This week, Lego turns 90 years old – an incredible milestone for a little toy company that, at several points in its life, was on the verge of going under. It’s more impressive still that Lego reaches this milestone while one of the biggest toy brands on the planet, recognizable to children everywhere, and all achieved while remaining a private company.
Lego has always had an interesting relationship with video games. On one hand, the company naturally sees video games as competition: when Lego’s financial results declined for the first time in 13 years (half a decade ago), one market factor the company pointed the finger at was kids playing more video games. At the same time, however, gaming has become an inexctricable part of Lego’s business.
We now get a high-quality Lego-based video game at least every couple of years – and quite often more frequently than that. These are usually based on Lego’s licensed properties – so gaming adventures that retell the stories of comic book, or Star Wars, or Harry Potter and its kin – just with the tale spun in a blocky, comedic form. A lot is owed to the Lego games as designed by British developer Traveler’s Tales, in fact: much of the presentation of the hugely successful Lego movies has its genesis in these gaming experiences.
But Lego games far predate the first game of this style, 2005’s Lego Star Wars. And as much as I love the Lego games we have today, a 90th anniversary retrospective look back does make me think about how much I miss when Lego games were more wildly experimental.
For the most part, I’m talking about the late nineties. ‘97 through 2000 was a mini golden age of Lego game creativity, headlined by Lego Island, a PC title that was an extremely small-scale open world adventure played from the first-person perspective.
Lego Island was part adventure game, part mini-game collection, allowing you to build and race cars, deliver pizza, zip around on jet skis, or simply just explore the island to marvel at the early 3D recreations of real-life Lego sets – some of which most kids who played this game probably owned. At the end of it all, there’s an epic confrontation with a Lego baddie, an escaped criminal who wants to disassemble the island completely.
I was vaguely obsessed with Lego Island, but it was just one of many titles that featured in many reasonably-priced multi-pack releases at the time. Lego Loco pandered to my train obsession with a low-impact, kid-friendly version of a rail management city-builder. Rock Raiders was essentially a kids’ first real-time strategy game, while Legoland was quite literally Theme Park, except you’re, y’know, building a Lego-themed park. I learned to play Chess – and got pretty good at it – thanks to Lego Chess, where I’d always play as the Cowboys, since that was my favorite theme represented in the game.
Not all of these games are great, and many of them are too simple for their own good, but I have very fond memories of them and really adore what they represent. This was Lego in a hugely experimental phase; the company would contract various game developers and essentially have them make Lego twists on established genres and properties. Rather than a by-the-numbers formula where the game stays the same but the franchise changes, every game was different and quite unique.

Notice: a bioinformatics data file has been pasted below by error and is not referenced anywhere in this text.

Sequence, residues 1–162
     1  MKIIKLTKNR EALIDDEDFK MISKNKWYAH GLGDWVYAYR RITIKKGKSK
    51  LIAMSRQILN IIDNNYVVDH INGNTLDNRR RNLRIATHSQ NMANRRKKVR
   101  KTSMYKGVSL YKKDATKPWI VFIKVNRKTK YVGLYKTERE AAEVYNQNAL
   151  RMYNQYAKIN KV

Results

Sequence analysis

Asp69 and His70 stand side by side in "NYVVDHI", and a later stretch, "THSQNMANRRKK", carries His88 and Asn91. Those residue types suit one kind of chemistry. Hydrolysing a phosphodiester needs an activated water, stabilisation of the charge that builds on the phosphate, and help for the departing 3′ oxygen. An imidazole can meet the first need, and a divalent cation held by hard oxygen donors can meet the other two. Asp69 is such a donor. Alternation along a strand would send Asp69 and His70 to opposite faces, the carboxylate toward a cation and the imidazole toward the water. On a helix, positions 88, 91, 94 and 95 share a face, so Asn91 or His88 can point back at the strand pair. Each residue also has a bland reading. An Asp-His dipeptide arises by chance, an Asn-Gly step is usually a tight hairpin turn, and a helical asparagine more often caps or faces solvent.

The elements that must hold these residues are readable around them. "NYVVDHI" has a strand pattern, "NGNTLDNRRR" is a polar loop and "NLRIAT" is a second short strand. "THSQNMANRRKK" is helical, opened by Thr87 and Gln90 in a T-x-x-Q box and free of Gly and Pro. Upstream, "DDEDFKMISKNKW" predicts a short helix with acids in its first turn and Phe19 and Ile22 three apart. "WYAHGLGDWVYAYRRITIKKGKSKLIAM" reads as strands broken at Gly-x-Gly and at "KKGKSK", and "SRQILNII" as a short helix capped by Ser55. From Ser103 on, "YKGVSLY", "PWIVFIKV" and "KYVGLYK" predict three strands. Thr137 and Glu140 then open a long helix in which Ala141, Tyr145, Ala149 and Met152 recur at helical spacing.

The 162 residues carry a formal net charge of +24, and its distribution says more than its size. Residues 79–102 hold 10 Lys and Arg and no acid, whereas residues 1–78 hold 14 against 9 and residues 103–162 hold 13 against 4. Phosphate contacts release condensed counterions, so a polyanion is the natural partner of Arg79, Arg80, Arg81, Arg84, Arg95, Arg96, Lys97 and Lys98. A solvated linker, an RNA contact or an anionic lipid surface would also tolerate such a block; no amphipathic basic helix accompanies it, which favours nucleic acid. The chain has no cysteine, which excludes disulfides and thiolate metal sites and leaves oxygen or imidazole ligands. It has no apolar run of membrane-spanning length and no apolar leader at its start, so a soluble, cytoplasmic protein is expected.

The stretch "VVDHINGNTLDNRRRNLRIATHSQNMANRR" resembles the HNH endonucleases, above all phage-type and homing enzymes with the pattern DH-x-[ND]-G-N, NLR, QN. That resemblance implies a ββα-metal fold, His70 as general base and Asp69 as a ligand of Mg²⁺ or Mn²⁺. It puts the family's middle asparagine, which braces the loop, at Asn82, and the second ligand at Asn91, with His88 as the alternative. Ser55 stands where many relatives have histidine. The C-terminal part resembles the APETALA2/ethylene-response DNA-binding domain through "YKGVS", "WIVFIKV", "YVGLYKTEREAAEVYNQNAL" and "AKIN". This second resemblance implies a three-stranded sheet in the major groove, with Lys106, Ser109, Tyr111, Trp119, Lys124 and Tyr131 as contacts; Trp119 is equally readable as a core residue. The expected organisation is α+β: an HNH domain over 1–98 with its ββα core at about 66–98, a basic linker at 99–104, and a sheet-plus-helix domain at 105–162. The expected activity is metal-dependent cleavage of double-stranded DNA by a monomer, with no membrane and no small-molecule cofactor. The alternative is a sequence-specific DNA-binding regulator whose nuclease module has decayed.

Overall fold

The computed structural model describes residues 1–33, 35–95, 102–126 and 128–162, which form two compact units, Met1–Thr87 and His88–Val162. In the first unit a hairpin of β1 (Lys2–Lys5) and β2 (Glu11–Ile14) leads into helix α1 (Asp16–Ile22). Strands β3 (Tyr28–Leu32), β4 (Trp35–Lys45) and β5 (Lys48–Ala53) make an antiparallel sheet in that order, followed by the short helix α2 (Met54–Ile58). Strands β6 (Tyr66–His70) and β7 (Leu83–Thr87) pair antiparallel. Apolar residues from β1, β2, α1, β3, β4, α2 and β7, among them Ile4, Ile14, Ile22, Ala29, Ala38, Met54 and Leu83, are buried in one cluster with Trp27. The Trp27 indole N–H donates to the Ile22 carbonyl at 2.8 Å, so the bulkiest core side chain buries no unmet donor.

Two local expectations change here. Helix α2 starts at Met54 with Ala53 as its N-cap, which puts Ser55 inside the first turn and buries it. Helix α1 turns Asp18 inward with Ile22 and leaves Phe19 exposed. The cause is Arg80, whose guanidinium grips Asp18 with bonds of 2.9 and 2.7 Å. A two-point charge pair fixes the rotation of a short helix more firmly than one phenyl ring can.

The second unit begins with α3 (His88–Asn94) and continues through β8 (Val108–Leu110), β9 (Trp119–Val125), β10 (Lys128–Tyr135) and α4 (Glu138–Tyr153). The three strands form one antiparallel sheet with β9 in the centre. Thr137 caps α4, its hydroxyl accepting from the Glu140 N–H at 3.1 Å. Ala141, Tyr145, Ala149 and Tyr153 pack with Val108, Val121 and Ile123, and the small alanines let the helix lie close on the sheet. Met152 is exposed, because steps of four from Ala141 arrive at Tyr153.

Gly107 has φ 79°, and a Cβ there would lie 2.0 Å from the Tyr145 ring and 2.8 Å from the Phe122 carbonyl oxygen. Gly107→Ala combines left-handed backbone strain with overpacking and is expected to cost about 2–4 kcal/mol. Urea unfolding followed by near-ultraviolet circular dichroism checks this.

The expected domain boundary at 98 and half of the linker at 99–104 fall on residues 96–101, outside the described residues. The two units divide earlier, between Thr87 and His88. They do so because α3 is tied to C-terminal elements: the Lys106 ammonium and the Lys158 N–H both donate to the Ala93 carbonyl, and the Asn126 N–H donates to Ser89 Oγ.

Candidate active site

Most of them were on PC, but some more obvious ones did make the jump to various consoles. Non-PC players will probably remember the Kart Racing Lego Racers games the most fondly from this era. The platform didn’t matter as much as the energy these games projected, though – which was a sort of tongue-in-cheek exploration of the themes of video games that matched the way Lego as a whole approached its set themes like Castles, the Wild West, Space, and beyond.
Everything would ultimately change when Traveler’s Tales delivered a game with such a potent formula and such a killer franchise attached that it would become the template for Lego video games going forward – but I do miss that era.
But, with that said… it absolutely might be coming back, at least a little? In recent years we’ve had new Lego Star Wars and Marvel games, but also unique little indie-style joys like Lego Builder’s Journey, and genre copycats like Lego Brawls, which is basically a mobile-based Smash Bros. clone with Lego characters. We’ve also had some cool crossovers, the best of which was of course the brick-built DLC for Forza Horizon 4, which is based on the real-life ‘Speed Champions’ sets.
None of this is quite the same as the weird and wonderful games from the nineties, but it’s fun to see new Lego games popping up that play with the company’s own brands and themes rather than just pander with franchise fanservice.
But time marches on, and the connection between Lego and video games is morphing again. In Lego Super Mario, we have a unique new approach which blends a phone app and real-life bricks in an engaging and educational way. And for us elderly folk squinting and remembering the good ol’ days, the company also has an answer: happy to ply our wallets open with beautiful, intricate, and expensive models of things like the NES, the Atari 2600, Green Hill Zone, a Horizon Tallneck, or a Mario Question Mark Block.
It’s never been a better time to be a fan of Lego and a fan of games. But, y’know… I’ll still let that nostalgia fire burn brightly. A lot of those old games have now reached abandonware status – maybe I’ll grab them and give them a go – a perfect way to mark Lego’s 90 years.